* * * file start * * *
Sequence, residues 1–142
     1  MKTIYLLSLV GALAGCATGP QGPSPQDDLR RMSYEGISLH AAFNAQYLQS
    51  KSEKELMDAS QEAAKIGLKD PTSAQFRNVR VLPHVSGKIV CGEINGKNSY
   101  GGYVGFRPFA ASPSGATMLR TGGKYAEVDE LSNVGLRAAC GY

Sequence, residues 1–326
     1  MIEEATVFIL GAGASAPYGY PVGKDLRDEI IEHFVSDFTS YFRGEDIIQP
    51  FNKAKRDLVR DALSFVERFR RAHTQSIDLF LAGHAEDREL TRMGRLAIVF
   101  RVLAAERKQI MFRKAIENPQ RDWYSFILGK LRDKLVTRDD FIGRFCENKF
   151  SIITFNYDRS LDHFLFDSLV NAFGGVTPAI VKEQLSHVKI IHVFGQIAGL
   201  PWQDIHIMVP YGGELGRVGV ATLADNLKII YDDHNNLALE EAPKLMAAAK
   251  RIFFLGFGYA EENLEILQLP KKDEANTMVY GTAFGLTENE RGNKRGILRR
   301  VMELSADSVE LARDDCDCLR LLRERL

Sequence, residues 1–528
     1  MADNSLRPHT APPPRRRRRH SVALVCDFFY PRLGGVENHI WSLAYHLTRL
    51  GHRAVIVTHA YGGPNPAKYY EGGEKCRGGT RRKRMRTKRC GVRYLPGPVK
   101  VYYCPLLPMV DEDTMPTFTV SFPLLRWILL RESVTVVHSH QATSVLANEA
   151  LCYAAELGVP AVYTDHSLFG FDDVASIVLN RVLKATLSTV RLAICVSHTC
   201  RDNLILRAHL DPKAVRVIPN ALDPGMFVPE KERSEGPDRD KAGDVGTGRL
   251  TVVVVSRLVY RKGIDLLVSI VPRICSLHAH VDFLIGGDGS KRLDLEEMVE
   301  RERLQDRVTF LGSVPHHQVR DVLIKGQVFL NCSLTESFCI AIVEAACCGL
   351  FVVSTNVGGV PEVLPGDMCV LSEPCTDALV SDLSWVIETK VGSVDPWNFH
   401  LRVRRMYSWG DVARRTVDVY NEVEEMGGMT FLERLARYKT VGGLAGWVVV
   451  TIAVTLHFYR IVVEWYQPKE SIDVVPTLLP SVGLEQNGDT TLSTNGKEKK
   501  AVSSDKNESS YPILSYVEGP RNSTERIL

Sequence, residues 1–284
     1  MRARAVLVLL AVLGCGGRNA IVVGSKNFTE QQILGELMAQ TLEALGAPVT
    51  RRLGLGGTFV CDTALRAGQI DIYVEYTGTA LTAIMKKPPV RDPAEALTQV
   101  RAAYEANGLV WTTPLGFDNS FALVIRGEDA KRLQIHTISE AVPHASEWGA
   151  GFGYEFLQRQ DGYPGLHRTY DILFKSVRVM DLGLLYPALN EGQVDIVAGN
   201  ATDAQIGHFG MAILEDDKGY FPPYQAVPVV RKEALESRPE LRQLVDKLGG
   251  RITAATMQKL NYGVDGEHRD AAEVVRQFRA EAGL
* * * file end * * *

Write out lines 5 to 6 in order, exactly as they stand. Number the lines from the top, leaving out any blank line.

Sequence, residues 1–326
     1  MIEEATVFIL GAGASAPYGY PVGKDLRDEI IEHFVSDFTS YFRGEDIIQP